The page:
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FTC Study: Teens Are Being Permitted to Buy ‘R'-rated DVDs

15 Oct, 2003 By: Holly J. Wagner

Eighty-one percent of teens who try to buy ‘R'-rated DVDs succeed, suggesting that ratings limitations don't necessarily trickle down to packaged media, according to a first-time survey by the Federal Trade Commission (FTC).

The agency has studied theatrical admissions, video game and music sales in previous years, but this is the first time it has had mystery shops performed for DVD sales, a spokesperson said.

The 2003 survey found that teenage shoppers (ages 13 to 16) were able to buy ‘M'-rated games 69 percent of the time, down from 78 percent in 2001; gain admission to theaters showing ‘R'-rated movies 36 percent of the time, down from 48 percent in 2001; and buy music with labels warning of explicit lyrics 83 percent of the time, down from 90 percent in 2001.

The study also found that 26 percent of stores selling DVDs displayed rating information, compared with 62 percent of movie theaters and 27 percent of game vendors; and that the cashier asked the youngsters' ages 19 percent of the time for DVD purchases, 48 percent for theatrical admissions, 24 percent of the time for games and just 13 percent of the time for music purchases.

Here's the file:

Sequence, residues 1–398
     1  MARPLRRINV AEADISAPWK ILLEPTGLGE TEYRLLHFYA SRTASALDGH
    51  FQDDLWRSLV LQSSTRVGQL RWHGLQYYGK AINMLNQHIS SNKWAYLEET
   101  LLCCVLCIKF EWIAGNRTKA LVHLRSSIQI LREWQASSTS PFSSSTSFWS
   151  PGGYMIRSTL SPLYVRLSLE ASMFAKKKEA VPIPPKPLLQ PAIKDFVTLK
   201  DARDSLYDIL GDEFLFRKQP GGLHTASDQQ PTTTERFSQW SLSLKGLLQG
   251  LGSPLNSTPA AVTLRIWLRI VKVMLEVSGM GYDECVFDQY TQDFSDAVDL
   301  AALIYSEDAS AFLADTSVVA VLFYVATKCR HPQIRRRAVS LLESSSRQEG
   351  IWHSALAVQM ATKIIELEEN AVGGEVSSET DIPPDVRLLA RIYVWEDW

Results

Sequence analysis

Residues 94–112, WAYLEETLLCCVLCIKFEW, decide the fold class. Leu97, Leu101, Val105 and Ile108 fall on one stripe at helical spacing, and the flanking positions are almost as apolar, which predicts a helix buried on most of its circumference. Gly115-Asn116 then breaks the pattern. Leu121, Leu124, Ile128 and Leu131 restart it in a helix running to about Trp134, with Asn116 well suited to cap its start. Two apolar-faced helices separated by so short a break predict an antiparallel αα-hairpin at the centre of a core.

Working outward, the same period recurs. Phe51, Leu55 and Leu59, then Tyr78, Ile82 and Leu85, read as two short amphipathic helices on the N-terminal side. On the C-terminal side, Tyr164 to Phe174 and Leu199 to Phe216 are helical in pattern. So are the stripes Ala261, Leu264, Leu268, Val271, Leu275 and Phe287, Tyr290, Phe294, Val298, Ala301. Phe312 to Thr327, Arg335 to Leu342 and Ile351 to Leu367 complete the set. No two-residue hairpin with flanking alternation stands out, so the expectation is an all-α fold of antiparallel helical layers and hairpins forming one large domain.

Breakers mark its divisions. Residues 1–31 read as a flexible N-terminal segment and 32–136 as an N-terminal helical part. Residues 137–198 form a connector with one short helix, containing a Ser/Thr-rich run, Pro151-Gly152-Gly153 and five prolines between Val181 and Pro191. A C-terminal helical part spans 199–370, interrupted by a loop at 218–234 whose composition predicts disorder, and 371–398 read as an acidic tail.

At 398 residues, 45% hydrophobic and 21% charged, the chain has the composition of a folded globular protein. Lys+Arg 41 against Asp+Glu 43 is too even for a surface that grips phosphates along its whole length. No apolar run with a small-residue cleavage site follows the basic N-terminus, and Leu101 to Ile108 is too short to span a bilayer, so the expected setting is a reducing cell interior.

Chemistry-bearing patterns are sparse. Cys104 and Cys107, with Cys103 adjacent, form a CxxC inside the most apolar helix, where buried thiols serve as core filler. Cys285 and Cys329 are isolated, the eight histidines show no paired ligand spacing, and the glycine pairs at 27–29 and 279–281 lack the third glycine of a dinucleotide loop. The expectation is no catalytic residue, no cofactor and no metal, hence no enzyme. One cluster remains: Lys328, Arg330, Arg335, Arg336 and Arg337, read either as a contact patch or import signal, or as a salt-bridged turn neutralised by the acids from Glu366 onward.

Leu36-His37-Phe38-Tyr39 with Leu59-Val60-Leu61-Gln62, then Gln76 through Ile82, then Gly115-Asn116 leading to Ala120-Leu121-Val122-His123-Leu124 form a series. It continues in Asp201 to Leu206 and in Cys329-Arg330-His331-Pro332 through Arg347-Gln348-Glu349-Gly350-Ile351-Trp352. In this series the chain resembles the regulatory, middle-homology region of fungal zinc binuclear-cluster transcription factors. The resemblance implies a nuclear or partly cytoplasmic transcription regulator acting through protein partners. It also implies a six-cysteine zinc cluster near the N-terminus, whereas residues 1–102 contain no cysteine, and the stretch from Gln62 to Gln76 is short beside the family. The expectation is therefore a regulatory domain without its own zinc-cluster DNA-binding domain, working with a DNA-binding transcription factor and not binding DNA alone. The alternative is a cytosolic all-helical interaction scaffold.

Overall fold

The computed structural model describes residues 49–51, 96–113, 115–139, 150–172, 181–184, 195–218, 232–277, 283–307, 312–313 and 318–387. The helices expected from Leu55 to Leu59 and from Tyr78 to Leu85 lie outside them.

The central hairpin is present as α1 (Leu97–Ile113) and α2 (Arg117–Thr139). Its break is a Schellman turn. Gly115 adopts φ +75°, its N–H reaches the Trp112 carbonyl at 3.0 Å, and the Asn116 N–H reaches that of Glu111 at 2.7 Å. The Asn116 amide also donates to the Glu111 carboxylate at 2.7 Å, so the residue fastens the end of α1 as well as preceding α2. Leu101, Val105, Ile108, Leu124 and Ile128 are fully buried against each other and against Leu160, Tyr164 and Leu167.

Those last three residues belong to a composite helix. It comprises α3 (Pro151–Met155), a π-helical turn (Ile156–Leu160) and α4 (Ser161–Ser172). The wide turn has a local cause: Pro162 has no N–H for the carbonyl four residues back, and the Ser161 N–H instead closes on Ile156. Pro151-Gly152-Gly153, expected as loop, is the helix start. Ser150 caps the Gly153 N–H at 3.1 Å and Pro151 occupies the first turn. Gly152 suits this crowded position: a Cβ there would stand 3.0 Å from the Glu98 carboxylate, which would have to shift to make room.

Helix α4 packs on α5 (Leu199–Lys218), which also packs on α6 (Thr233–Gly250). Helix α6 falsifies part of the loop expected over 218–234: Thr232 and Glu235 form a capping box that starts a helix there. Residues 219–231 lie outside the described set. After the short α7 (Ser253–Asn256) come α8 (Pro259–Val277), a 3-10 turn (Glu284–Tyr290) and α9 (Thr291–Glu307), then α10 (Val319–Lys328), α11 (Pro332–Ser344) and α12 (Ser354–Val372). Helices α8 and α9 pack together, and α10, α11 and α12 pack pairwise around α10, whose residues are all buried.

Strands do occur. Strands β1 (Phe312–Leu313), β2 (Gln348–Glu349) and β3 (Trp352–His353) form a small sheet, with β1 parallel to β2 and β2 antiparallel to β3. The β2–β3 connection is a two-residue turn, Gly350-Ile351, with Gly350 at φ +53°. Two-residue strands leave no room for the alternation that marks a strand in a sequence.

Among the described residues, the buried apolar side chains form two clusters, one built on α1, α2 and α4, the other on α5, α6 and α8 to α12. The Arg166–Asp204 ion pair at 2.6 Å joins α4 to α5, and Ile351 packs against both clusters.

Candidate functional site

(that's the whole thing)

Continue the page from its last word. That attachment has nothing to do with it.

“We will be very interested to see the breakdown of data and if there is any difference in the success rate for rentailers vs. sellthrough and other subsegments of the industry,” said Sean Bersell, VP of public affairs for the Video Software Dealers Association.

The FTC performed similar surveys in 2000 and 2001, but was unable to get funding to do the survey in 2002. The 2003 data released so far is a preview of a more extensive report that is due later in the year, said Mark Eichorn, an attorney at the FTC's division of advertising practices.

The survey sent teen shoppers into 899 stores and theaters in 39 states. It included rental and sellthrough environments, but looked only at sellthrough practices.

“Every year, we break it up into major chains and independents. When we look at the majors, those include the largest chains in an industry,” Eichorn said. The FTC could not immediately provide breakouts for enforcement percentages at independents vs. chains, he said.

The FTC will host a workshop on industry self-enforcement of violent content ratings Oct. 29 in Washington, D.C. Bersell will be among the panelists presenting at that event.

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